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using your voice LOUDGood morning, today is Wednesday July 21, 2021.  Another nice, if hazy, morning in the Emerald City.  And I’m quite happy that most classes this month have been in-person.  

In these classes we cover recognizing when someone bumps into one of your boundaries, and how you can fix that boundary.  Most of the time, when we set boundaries, we talk in conversational tones.  That is, at the volume you normally use when having a conversation with another person.  But sometimes you want to get louder.  I’ve been asking my students WHEN they want to get loud.  The answers are interesting, but usually are in response to a different but related question.

Students tend to reply:

  • When they’re getting angry
  • When they think someone isn’t listening
  • When too many people are talking
  • When frustrated with someone else
  • When they feel they’re not being heard
  • Or when they feel they’re not being taken seriously

I think the question they are hearing is “when DO you get louder,” rather than “when do you WANT TO get louder.”  They’re thinking about what others do to that trigger their LOUD response.  Given that the question is in the context of a self-defense class (students are assuming a stressful interaction, rather than a fun party or celebration), it’s not surprising they’d look to emotions that center around anger.  The question I’m trying to ask is more strategic.  When do you WANT to get loud?  When do you think getting loud is a USEFUL response?

See, if you get loud when you get angry, you risk being played.  Someone just has to figure out your hot buttons, and WHAM! they can get the reaction THEY want.  People who are manipulative do this all the time.  It’s one of the easiest ways to shift “responsibility” for a bad interaction from them to you.  And when your knee-jerk reactions are triggered, your safety decisions are usually less sound.

I think there are these three situations when you may WANT to get loud:

  • When you want to attract attention, you want other people around to look.  Most perpetrators want to commit assault without interference, in relative isolation
  • When you believe the perpetrator thinks you’ll be easy to intimidate, or have been intimidated.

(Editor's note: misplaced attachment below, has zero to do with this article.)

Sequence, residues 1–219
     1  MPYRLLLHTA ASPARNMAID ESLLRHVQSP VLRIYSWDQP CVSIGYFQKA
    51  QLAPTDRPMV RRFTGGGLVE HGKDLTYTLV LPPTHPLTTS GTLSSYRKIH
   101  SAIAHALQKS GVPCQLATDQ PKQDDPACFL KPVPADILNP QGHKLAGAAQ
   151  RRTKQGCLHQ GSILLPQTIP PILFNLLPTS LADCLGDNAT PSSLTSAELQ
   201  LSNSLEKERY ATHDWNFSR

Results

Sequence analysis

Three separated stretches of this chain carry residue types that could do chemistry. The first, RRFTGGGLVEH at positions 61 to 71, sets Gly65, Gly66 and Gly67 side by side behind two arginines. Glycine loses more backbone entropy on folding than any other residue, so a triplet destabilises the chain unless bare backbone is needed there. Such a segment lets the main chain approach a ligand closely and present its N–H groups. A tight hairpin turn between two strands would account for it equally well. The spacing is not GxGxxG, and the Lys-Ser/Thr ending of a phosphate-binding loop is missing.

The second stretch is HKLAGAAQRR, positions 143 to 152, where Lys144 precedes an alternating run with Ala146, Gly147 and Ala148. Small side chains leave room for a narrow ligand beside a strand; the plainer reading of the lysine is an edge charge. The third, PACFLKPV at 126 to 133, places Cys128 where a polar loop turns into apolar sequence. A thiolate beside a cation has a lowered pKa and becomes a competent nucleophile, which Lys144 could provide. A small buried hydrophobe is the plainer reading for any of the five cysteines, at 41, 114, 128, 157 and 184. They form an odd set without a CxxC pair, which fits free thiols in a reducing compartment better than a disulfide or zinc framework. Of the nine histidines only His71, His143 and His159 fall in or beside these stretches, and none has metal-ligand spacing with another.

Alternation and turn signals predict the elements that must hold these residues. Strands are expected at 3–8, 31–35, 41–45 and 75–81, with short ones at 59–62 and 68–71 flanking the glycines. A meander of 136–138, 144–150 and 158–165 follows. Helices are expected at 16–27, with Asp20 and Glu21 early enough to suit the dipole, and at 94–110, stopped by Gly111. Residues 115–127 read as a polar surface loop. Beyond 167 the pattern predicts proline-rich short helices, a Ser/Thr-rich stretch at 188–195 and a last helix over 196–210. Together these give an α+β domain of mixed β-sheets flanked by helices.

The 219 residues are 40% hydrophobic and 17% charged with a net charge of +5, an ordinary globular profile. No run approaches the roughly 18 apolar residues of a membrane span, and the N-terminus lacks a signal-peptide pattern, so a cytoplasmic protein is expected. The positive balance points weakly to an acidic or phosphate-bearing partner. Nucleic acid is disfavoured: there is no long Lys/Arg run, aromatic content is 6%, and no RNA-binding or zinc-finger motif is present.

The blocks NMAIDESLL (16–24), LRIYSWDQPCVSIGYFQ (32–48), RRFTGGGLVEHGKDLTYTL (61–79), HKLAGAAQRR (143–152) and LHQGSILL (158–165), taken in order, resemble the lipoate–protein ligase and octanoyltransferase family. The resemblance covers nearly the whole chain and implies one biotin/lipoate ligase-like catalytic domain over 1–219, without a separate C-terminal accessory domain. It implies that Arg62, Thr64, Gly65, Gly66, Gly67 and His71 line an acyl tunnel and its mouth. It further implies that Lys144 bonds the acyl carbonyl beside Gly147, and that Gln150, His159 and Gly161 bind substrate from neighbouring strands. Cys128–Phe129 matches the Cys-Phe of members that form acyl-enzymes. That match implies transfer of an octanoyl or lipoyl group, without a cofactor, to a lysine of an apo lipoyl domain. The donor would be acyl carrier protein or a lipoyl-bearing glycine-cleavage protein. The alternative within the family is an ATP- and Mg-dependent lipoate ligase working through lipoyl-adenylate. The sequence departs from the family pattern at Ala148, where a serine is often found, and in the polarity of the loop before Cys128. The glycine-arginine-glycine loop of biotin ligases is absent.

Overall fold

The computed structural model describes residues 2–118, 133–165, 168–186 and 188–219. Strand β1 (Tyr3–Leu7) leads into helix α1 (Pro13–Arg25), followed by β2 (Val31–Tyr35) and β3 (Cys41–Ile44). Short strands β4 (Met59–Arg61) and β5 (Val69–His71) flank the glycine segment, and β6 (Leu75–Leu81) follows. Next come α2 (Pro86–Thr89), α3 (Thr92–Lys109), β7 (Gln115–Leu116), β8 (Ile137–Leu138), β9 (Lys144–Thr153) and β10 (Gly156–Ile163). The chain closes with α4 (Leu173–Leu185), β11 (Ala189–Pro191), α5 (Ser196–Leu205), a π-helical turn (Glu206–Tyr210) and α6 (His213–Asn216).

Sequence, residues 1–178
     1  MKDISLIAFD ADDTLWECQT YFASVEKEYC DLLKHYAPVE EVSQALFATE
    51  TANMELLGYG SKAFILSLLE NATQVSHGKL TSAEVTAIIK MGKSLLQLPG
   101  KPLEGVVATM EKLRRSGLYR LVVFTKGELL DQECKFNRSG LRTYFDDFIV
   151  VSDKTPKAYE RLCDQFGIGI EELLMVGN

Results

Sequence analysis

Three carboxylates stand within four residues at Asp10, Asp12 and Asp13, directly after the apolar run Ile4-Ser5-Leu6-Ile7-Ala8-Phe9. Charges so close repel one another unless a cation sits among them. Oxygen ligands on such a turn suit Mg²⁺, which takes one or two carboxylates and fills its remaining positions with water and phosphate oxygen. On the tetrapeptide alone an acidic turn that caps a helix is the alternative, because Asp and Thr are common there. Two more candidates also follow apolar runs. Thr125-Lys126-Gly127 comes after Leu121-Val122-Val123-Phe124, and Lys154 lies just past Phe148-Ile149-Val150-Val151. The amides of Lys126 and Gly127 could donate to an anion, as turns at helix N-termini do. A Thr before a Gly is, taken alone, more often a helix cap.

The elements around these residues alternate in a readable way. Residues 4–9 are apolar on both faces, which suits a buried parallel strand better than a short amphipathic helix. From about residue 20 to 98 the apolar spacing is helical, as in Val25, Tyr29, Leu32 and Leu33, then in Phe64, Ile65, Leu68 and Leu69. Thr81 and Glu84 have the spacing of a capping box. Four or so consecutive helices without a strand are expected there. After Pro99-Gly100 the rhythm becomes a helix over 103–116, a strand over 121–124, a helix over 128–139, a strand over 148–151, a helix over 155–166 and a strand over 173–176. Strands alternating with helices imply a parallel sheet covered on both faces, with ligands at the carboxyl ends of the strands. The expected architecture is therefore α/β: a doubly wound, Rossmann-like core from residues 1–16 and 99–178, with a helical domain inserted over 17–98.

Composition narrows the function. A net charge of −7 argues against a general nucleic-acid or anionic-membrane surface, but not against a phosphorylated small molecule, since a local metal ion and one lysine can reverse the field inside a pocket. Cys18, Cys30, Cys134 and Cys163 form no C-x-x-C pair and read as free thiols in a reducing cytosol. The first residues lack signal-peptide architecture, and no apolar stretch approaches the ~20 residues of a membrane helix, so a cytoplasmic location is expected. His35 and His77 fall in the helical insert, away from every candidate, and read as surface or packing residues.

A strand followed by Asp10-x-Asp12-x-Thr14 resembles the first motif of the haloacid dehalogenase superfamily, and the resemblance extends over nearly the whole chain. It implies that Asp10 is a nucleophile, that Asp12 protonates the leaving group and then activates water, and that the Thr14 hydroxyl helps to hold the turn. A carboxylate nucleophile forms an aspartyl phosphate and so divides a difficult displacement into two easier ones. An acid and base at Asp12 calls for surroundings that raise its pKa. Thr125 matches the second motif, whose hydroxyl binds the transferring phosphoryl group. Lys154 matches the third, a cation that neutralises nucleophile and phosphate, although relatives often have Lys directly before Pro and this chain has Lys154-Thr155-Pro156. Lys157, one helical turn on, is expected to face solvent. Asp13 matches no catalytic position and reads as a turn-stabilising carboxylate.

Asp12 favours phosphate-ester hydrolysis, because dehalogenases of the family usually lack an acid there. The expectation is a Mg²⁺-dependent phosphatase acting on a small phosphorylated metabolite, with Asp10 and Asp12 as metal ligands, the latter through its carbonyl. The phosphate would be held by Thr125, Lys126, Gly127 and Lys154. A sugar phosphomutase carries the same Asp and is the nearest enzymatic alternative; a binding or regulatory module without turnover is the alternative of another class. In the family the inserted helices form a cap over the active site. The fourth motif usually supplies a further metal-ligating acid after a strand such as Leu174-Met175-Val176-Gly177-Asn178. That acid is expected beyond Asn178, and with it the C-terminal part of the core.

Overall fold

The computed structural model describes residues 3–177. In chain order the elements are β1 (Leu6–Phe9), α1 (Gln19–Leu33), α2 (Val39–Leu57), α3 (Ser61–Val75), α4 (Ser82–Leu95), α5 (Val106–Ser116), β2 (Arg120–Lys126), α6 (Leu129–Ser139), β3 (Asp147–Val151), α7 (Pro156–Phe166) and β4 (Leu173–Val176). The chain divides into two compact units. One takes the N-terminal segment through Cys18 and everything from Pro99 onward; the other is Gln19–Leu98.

• And when you need to get physical and hit the perpetrator, when you need to use physical self-defense skills to disable the perpetrator so that you can safely escape. 

And in our self-defense classes we do practice various strike to vulnerable targets.  It’s a LOT easier done in-person, more challenging in the virtual world.  

And when we practice our strikes, we always use our voices.  LOUDLY.

Going forward, most classes will be in-person.  Those through Seattle Central College and Bellevue College may still be virtual this Fall, we’re just not sure right now about available space on campus.  My Fall schedule should be rolling out in the next week or so.

And that’s it for today.  Stay safe, life life.

I volunteered as a domestic violence advocate for several years. Over that time I staffed the crisis line, conducted orientation sessions for new clients, gave a couple of bystander intervention workshops, and assisted with support groups. Support groups were a core service of the agency, and incredibly valuable in helping DV survivors getting to and staying on their feet. It is super-important to know you’re not alone, there are resources, and you need not be isolated.

This particular group was facilitated by a staffer, we’ll call her Amy. She came across as kind and compassionate, someone you suspected you could really trust. She exuded that impression in several ways. This is one.

Those of you who have taken any of my classes know we spend time on body language. Specifically, on what’s called “open and expansive” body language. Also called the “power pose.” Feet shoulder width apart, eyes forward, arms and hands also out and not crossed or in your pockets. Basically, a posture that takes up more of your own space bubble. Body language that’s generally (at least in mainstream North American culture) interpreted as assertive and confident.

However, when in support group or otherwise speaking with clients, Amy’s body language was a bit different. She did Body language for submissive, inviting, aggressivetend to cross her feet, and folded her arms, not exactly across her body but in front. Those aspects of her body language were what we self-defense teachers may have called “submissive,” if we restrict ourselves to that narrow continuum of submissive to assertive to aggressive. Which points more to shortcomings in our attraction to oppositions, contrast, and dichotomies. Amy came across as both attentive and relaxed, not aggressive, not assertive, not trying to define and stick her boundaries, and her body language — rather than submissive — was an invitation to connect.

Consider Amy’s clients. They were people who experienced a controlling partner, and that control took the form of emotional abuse and often physical violence. The abuser’s body language would often have been domineering, at times aggressive but also the right assertive posture, combined with tension, could serve as a warning you better toe that line. Many DV survivors have become very attuned to other’s body language. And Amy’s was meant to address that.

I never did get around to asking her if her body language was deliberate, or if she had good instincts. Regardless, this is something anyone can practice. Like we do in our classes.

Speaking of which . . .

Check out our class schedule, and more to come.

Stay safe, live life.